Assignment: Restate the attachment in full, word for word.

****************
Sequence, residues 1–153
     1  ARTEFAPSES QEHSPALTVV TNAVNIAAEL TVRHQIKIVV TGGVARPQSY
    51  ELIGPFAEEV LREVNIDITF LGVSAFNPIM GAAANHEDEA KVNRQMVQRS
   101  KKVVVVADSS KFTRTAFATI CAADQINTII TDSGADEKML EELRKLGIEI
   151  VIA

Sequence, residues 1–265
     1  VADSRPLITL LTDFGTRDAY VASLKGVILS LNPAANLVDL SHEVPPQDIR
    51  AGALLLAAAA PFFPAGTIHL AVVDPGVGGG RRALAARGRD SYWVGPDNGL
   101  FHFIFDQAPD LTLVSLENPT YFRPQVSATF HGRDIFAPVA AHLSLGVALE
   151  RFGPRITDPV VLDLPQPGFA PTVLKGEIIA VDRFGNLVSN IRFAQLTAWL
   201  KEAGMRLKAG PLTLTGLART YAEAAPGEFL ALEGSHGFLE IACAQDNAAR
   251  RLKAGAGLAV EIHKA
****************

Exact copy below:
Sequence, residues 1–153
     1  ARTEFAPSES QEHSPALTVV TNAVNIAAEL TVRHQIKIVV TGGVARPQSY
    51  ELIGPFAEEV LREVNIDITF LGVSAFNPIM GAAANHEDEA KVNRQMVQRS
   101  KKVVVVADSS KFTRTAFATI CAADQINTII TDSGADEKML EELRKLGIEI
   151  VIA

Sequence, residues 1–265
     1  VADSRPLITL LTDFGTRDAY VASLKGVILS LNPAANLVDL SHEVPPQDIR
    51  AGALLLAAAA PFFPAGTIHL AVVDPGVGGG RRALAARGRD SYWVGPDNGL
   101  FHFIFDQAPD LTLVSLENPT YFRPQVSATF HGRDIFAPVA AHLSLGVALE
   151  RFGPRITDPV VLDLPQPGFA PTVLKGEIIA VDRFGNLVSN IRFAQLTAWL
   201  KEAGMRLKAG PLTLTGLART YAEAAPGEFL ALEGSHGFLE IACAQDNAAR
   251  RLKAGAGLAV EIHKA